Visiting the outskirts of Ubud (Bali), Indonesia

Latest visit: March 2018

Tips on visiting the outskirts of Ubud :

  • If you plan on driving in the outskirts of Ubud, you should be warned that it’s a crazy world on those roads! It seems like no rules apply: people honk to signal and to warn, scooters are allowed down one-way streets (in the opposite direction) and I’ve seen them just drive on the side of the road and in the fields in rush hour. I also saw multiple tourists with bad scabs and scars from accidents!
  • If you have a chance to sit down and share a meal with the local Balinese people you should know that they like to eat spicy. You should also be prepared to see them devour the whole prawn (tail, head & all) and that they eat with the right hand at home but in restaurants, more and more people use a fork and spoon but no knife. The spoon is used to cut! If you get the chance, try their avocado milkshake made with coconut milk, sugar, ice, and avocado. It was delicious and refreshing!
  • Temples around Bali:  they are usually divided into three spaces: an outer courtyard in addition to two holier inner yards. Each temple also has spaces of worship for Hinduisms’ three prominent deities: Brahma, Vishnu and Shiva (from sailingstone travel). Make sure you dress appropriately: wear a sarong or a long dress that covers your shoulders and drapes to the ground.
  • Tanah Lot is a water temple and definitely worth the stop. The name means land on the sea and comes from the word Tanah meaning land and lot mean seawalk. Walk around the grounds, and over to the bottom of the temple, and for a small donation, you can get purified by a priest. He will put rice between your eyes and a flower on your ear. It is sadly not possible to enter either of the temples on site.
  • Drive through the Tabanahan region, in the outskirts of Ubud, to see everyday life just going by in a frenzy, barely touched by tourists. One of the towns was filled with so many shops and markets.
  • Ketut, my driver, told me that the town of Mengwi is known for their abundant flower markets and for the Desa Mengwi Temple or Taman Ayun Temple. I paid an entrance fee and rented a sarong to explore these beautiful and tourist-less grounds. This temple complex was built around 1634 by the then ruler of the Mengwi Kingdom, Tjokerda Sakti Blambangan. It is a stunning place: temples, water, flowers, statues, birds, peace and quiet surround you. Ketut told me that the King has many celebrations here. I also learned that different towers may be dedicated to different gods, or sometimes even individuals or local mountains and they have either 3, 5, 7, 9 or 11 levels – a sequence of numbers considered sacred not just in Bali but in cultures throughout the world (from sailingstone travel). It’s said that a Balinese temple’s importance can more or less be determined by the height of its highest meru, word representing the multitiered pagodas of varying numbers of thatched roofs. It is also here that I learned about Barong, the village protector that looks like a lion, as well as Rangda the queen of black magic, Brahma the creator, Vishnu the preserver, and Shiva the destroyer.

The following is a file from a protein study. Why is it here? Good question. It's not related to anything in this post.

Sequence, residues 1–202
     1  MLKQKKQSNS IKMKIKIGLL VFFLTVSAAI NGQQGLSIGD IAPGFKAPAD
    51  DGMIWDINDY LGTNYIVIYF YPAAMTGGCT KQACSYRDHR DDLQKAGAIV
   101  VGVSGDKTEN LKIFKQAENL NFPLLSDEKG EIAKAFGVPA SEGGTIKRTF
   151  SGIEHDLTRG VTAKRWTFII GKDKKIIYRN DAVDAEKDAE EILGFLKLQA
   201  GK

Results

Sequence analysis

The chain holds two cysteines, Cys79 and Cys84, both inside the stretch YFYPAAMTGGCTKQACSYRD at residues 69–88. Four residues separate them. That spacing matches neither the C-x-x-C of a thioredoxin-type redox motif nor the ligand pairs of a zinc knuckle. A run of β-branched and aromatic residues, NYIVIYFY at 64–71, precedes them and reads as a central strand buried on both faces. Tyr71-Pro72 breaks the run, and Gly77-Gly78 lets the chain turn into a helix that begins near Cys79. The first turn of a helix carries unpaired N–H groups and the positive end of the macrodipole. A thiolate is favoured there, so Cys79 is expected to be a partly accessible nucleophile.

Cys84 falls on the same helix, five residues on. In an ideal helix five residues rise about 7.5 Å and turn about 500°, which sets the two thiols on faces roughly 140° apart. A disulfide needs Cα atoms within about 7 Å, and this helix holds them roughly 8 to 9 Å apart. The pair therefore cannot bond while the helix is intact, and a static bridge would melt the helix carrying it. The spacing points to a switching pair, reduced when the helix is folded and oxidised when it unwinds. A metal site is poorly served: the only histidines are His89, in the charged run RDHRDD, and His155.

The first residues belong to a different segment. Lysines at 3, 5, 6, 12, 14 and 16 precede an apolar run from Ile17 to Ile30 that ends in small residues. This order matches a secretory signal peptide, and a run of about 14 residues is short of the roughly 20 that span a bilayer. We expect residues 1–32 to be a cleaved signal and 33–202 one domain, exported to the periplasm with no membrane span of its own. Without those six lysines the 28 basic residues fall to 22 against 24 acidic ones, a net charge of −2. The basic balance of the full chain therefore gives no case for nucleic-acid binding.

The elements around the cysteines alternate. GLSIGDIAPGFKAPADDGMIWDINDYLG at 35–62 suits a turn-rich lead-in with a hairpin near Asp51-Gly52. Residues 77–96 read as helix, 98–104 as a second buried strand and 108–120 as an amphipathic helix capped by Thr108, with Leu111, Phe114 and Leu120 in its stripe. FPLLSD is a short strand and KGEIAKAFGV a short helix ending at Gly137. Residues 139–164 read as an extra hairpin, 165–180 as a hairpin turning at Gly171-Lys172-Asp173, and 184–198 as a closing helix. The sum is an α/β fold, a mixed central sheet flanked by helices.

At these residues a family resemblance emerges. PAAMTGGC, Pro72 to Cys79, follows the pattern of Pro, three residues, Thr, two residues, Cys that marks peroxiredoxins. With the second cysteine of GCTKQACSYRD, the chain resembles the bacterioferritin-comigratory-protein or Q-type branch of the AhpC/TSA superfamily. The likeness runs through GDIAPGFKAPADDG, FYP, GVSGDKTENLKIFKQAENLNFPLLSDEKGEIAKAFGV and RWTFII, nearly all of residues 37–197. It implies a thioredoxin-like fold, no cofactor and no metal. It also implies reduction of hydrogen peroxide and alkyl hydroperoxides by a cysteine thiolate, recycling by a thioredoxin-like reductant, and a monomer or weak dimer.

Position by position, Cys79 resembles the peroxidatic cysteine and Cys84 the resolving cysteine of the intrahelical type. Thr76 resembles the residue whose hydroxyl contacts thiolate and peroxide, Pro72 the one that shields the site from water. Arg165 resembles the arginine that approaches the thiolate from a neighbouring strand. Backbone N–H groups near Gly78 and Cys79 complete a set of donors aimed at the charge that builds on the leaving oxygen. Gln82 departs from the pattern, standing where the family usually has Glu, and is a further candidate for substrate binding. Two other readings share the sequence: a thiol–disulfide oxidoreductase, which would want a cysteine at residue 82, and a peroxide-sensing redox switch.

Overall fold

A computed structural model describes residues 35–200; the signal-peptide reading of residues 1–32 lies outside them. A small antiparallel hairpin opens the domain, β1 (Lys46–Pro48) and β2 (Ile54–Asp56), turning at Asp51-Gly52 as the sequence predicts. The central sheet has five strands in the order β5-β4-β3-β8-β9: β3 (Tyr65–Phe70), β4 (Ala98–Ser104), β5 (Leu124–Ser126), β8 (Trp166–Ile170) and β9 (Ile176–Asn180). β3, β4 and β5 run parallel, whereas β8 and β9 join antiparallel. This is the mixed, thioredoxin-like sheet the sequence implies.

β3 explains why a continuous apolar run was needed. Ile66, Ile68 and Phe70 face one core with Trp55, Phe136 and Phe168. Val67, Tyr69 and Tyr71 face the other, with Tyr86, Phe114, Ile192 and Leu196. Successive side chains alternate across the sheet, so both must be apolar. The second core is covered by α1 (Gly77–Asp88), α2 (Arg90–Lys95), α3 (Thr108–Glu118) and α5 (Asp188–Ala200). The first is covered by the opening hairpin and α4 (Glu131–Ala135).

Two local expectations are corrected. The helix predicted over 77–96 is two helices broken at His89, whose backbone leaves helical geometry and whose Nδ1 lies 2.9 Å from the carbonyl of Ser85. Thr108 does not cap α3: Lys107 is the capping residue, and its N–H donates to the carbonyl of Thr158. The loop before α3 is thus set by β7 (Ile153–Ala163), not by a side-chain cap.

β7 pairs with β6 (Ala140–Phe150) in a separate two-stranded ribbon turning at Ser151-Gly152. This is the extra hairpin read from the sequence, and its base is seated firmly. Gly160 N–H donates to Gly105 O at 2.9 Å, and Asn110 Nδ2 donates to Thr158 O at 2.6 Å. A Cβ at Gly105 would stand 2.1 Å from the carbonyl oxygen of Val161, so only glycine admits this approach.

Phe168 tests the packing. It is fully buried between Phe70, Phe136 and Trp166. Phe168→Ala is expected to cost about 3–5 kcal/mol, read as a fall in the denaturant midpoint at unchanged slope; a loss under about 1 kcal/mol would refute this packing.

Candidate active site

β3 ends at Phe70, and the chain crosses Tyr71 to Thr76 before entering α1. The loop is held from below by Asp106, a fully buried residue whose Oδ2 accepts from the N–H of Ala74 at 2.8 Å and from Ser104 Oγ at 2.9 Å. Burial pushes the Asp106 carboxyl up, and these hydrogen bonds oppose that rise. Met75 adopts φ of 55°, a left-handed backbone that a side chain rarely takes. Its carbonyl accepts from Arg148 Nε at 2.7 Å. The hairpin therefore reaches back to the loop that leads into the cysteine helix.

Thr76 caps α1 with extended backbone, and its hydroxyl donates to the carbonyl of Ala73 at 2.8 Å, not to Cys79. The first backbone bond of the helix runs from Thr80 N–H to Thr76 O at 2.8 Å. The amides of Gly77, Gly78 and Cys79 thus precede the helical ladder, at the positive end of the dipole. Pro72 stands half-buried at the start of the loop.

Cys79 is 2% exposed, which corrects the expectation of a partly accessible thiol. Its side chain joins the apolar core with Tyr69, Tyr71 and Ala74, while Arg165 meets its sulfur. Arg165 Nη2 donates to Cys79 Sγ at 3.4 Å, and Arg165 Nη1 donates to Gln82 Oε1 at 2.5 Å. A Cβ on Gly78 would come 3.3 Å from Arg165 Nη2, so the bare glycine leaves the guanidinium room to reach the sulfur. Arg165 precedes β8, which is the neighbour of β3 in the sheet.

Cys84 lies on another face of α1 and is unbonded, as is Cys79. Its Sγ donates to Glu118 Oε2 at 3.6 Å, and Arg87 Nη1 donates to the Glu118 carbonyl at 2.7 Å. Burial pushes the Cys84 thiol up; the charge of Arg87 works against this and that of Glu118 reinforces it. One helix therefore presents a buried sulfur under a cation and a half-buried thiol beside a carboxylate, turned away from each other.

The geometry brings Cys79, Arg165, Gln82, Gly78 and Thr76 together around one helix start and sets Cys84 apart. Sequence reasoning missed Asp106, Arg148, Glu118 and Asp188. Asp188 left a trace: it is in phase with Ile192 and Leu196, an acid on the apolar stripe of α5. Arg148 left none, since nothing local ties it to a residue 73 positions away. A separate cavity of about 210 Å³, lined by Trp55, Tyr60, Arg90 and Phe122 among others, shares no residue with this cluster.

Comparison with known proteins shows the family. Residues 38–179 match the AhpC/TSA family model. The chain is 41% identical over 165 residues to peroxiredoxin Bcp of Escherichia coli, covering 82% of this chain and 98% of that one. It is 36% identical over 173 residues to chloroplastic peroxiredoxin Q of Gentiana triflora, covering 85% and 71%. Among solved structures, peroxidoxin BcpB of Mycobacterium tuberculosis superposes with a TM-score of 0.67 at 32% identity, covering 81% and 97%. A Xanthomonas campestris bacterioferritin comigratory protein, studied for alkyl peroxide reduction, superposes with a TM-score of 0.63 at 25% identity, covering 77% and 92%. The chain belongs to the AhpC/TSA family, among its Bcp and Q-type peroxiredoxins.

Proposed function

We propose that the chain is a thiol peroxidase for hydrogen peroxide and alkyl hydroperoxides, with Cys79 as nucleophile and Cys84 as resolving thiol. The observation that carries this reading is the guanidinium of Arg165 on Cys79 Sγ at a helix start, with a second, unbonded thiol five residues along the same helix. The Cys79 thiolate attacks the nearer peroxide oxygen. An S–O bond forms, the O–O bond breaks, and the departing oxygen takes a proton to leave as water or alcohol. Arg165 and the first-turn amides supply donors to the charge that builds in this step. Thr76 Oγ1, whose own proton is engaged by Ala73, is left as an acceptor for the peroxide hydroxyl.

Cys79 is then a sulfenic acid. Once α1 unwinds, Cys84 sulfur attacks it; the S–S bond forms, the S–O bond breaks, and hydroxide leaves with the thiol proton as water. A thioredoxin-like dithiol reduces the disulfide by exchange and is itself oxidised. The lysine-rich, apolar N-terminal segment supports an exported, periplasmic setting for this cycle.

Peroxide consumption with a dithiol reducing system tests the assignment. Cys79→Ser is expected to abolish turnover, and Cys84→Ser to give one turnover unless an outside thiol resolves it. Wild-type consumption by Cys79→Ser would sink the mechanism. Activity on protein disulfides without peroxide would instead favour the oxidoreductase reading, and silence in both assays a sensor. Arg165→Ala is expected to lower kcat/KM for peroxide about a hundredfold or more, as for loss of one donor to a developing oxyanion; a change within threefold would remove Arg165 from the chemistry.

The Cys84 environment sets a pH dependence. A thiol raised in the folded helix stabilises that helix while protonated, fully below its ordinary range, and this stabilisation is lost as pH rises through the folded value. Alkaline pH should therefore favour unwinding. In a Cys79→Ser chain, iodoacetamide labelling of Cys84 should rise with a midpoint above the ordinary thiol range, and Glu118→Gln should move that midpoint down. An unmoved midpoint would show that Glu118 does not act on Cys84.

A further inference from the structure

• Mas: this town is known for its woodcarving craftsmanship. I wish I’d had more time to stop and shop (and space to bring some stuff back with me)!
  • Luwak coffee plantation: it felt like a tourist trap but I still enjoyed learning how the Luwak coffee is made. Did you know the Balinese people pick up the Luwak poop, which has digested and fermented coffee beans in it, clean it, roast it, then boil it and…that’s how it’s made. It’s also said to be one of the most expensive coffee in the world! My guide brought me a wide selection of teas to taste as well as Brem (Balinese rice wine) and Arak (local liquor which is distilled from tuak, a sweet wine made from the coconut palm flower) all for free and for a fee I could get a cup of the Luwak coffee. It tasted very earthy and I enjoyed it black. Don’t forget to bring mosquito repellant!  I only learned about the mistreating of the Luwak animals for production after I visited the property and it made me very sad.
  • Tegenungan waterfall: park and walk through down a road with tourist shops and warungs, local small restaurants, until you get to a lot of stairs which will bring you down to the bottom of the waterfall. Depending on the water level, you may be allowed to swim under it (I wasn’t because the water flow was too strong). If you plan on being adventurous, change into your bathing suit before you come to this site as there isn’t really any place to change.
  • Tagalang Rice Terrace: I think I was very lucky because the place wasn’t too crowded with tourists! It was a grey and rainy day so maybe it scared everyone off. If you want to do the typical Bali swing picture without paying, go to the One restaurant, go down a few levels and get on their private swing. You can give them a small donation if you feel bad or even grab a bite with a great view of the terrace! You will find a bigger swing a little lower down into the rice field and can jump on it for a relatively expensive price. Bring cash as you will need to pay an ‘entrance fee’ to the locals to walk through their rice fields. Take your time here and enjoy the walk through this unique, lush, heavenly green environment.